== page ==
Dak was heading straight for the Dog House, ready to eat and rest. Tun called for the team to continue past, and to the next building, the storehouse. Before the team stopped moving, Tun stepped off the runners with his trademark “Whoa now. Dogs down.” As the sled came to a halt, Tun was already at Larik’s tug line, and he unhitched it at the harness. He then proceeded up the line, unhooking the dogs.
As they were released, each had their own response. Larik trotted over to the dogs’ house and sniffed around the porch lazily before laying down on it. Alexei immediately broke into a run, and within seconds had disappeared into the forest. Umka, always happy and always excited about everything, followed Tun like a puppy, tail wagging, speaking “woo-woo”, hopping up to throw his forepaws on him.
Tun came to Anchu before Sasha, and unhooked his line. Anchu stood, as trained, and waited to be led to a dog house and clipped to a lead. As Tun proceeded to Stone and Sasha, Anchu remained frozen in place. Tun went about unloading the sled into the storehouse as the dogs ran, played and rested.
Sasha was excited just to run. She felt drunk with freedom and free will, and she bolted down the trail as fast as her legs would carry her. The unfamiliar trail made an abrupt turn to avoid a big drop-off, and was covered in half-melted, slushy snow. As Sasha dug in to make the turn, she slipped, unaccustomed to slush, and her forelegs flew out from under her. Her chin hit the wet ground as her hind quarters continued their forward momentum, and she somersaulted into the rocky mud.
She was immediately reminded of her first lesson with Kotka, face-planting in the snow to raucous laughter. She laughed out loud at the thought. As she picked herself up and shook off the snow and mud, she thought of how much Kotka’s friendship meant to her. It was heartwarming to know that there would be many memories and many occasions to laugh out loud, thanks to this alliance. Though separated by time and space, true friendship travels in the hearts of friends. Bonds which forever remain unbroken.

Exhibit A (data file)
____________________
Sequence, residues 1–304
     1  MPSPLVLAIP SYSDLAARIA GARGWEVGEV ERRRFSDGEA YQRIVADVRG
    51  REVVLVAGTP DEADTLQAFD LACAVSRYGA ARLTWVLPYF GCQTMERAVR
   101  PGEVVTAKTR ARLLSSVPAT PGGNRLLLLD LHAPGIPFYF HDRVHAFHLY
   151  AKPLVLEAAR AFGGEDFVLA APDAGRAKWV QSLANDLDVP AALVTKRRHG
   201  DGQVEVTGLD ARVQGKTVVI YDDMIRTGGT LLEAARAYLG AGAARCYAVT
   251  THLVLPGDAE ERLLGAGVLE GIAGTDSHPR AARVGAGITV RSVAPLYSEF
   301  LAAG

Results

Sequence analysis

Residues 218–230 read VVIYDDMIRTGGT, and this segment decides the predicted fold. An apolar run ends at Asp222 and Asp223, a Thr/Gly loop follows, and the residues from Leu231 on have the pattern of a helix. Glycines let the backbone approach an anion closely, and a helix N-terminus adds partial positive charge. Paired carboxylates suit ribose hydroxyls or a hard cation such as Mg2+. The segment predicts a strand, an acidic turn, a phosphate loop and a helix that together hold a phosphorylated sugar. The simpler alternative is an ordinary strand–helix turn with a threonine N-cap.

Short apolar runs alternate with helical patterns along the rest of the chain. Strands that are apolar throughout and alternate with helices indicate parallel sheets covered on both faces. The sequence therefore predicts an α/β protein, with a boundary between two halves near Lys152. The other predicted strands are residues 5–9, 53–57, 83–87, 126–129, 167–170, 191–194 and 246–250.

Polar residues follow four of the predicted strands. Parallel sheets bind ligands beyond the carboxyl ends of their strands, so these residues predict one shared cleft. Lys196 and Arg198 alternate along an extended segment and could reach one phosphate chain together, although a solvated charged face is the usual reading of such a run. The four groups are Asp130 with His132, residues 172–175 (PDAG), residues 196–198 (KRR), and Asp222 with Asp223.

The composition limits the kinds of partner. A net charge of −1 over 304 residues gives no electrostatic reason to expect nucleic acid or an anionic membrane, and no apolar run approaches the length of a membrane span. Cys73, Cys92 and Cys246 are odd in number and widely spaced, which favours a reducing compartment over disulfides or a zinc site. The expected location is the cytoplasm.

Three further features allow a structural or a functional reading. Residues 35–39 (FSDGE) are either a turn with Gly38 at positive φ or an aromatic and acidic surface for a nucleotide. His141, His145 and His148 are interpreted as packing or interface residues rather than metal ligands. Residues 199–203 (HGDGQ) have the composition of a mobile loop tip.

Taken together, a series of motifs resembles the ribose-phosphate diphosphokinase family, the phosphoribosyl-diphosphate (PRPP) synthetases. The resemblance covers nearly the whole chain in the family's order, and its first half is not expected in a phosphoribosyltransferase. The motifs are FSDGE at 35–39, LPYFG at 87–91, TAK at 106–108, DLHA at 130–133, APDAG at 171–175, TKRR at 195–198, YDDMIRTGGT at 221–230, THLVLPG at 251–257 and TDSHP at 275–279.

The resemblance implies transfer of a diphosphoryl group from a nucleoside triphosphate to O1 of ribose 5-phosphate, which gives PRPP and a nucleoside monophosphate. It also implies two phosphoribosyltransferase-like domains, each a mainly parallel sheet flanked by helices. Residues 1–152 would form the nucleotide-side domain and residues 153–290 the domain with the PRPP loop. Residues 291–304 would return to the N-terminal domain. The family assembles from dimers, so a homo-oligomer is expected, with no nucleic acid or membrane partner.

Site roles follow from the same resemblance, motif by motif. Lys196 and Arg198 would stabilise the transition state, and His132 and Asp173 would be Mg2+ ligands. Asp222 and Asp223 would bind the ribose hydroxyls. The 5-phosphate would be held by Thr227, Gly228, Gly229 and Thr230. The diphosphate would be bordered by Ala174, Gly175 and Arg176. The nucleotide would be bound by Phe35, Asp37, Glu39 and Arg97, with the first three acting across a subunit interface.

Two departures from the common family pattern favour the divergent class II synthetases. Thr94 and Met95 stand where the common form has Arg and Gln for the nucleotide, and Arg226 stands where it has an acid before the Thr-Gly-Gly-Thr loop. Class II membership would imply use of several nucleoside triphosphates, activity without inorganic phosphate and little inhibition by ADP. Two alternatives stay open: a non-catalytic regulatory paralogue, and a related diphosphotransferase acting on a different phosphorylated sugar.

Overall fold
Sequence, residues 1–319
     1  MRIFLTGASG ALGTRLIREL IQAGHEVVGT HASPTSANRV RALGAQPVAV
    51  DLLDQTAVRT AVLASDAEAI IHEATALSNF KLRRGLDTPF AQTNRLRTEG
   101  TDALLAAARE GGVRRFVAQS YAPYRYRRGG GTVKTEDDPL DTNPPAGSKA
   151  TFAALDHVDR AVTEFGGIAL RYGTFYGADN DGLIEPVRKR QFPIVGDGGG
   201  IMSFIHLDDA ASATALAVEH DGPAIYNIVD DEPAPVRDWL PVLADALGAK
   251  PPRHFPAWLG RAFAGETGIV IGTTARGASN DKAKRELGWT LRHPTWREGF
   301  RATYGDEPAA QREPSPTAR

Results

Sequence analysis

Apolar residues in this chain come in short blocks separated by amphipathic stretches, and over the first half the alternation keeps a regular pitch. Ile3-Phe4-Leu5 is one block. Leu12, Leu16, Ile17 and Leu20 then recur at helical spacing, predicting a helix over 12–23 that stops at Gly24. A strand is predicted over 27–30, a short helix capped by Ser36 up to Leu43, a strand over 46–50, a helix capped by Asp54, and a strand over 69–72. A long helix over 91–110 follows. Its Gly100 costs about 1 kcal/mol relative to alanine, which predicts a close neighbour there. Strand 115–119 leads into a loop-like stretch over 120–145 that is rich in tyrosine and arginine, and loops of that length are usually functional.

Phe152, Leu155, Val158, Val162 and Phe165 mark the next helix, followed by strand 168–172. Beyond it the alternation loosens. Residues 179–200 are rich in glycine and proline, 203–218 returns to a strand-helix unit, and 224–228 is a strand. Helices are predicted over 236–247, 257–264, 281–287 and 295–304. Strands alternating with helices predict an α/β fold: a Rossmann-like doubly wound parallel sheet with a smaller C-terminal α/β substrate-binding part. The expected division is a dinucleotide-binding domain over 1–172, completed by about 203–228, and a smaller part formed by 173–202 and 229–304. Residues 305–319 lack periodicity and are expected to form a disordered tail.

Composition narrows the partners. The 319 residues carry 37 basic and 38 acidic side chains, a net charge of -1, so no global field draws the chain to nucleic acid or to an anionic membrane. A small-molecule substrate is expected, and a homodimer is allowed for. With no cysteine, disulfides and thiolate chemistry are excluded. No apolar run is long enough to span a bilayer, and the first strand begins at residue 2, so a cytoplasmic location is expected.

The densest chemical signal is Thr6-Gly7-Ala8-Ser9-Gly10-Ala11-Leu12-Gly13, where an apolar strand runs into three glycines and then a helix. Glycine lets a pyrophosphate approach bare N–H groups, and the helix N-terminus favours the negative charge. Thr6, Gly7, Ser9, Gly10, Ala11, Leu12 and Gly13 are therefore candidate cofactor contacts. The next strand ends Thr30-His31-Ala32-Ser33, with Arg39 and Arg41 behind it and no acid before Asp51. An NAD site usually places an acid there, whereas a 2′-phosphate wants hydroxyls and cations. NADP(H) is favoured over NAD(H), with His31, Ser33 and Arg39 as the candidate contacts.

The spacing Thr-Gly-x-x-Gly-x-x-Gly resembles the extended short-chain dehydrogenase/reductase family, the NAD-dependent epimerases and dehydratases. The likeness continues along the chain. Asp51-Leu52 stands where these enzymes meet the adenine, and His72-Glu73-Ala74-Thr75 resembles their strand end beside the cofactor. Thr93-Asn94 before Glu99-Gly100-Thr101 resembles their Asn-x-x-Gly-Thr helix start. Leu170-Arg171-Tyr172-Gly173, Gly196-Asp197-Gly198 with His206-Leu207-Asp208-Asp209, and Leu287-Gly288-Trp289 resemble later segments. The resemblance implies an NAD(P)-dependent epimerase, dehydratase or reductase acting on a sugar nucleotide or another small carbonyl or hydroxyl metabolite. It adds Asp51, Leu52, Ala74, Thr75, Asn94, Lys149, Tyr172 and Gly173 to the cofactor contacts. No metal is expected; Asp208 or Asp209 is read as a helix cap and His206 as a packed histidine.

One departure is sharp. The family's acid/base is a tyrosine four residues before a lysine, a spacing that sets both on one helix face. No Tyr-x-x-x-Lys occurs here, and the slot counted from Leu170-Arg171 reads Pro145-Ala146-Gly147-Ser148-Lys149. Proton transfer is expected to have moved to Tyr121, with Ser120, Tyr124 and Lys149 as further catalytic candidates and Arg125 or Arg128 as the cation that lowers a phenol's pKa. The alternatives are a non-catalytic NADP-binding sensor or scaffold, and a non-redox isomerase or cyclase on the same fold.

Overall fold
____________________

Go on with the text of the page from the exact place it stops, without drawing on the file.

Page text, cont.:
Sasha looked back at the campus to see Anchu, still standing in front of the sled, awaiting commands. She trotted over to him.
“Things are different here, with Tun.” she said. She stood close to him, looked him in the eye, sniffed his face, “We’re free. Free to do as we please.” She beamed with vitality, yet was comforting in tone.
“I can go home?” asked Anchu, somewhat rhetorically and sarcastically, sniveling through tears.
“Yes,” she answered him, brushing back his ears, “yes you can. Tun is no fool. He has given you and I the choice. That’s true liberty.” Her admiration for the man and this gesture glowed in the sound of her voice.
“I can go home?” This news suddenly made Anchu’s heartaches lessen. Just knowing he could do so made him feel better already.
Sasha looked at the doghouse, felt the freedom of being untethered, and thought of Tun’s smiling face and gentle hands.
“But Brother,” she said, the word rang with love and caring, kinship and family, “we are Home.”